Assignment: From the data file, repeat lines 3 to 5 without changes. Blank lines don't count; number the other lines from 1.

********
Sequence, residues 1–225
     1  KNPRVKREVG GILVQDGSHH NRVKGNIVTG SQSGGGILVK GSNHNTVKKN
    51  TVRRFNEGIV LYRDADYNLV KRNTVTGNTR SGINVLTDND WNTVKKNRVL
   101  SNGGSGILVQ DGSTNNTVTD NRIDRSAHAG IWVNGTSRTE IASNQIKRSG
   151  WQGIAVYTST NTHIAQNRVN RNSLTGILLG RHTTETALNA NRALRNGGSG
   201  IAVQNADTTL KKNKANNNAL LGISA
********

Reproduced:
    51  TVRRFNEGIV LYRDADYNLV KRNTVTGNTR SGINVLTDND WNTVKKNRVL
   101  SNGGSGILVQ DGSTNNTVTD NRIDRSAHAG IWVNGTSRTE IASNQIKRSG
   151  WQGIAVYTST NTHIAQNRVN RNSLTGILLG RHTTETALNA NRALRNGGSG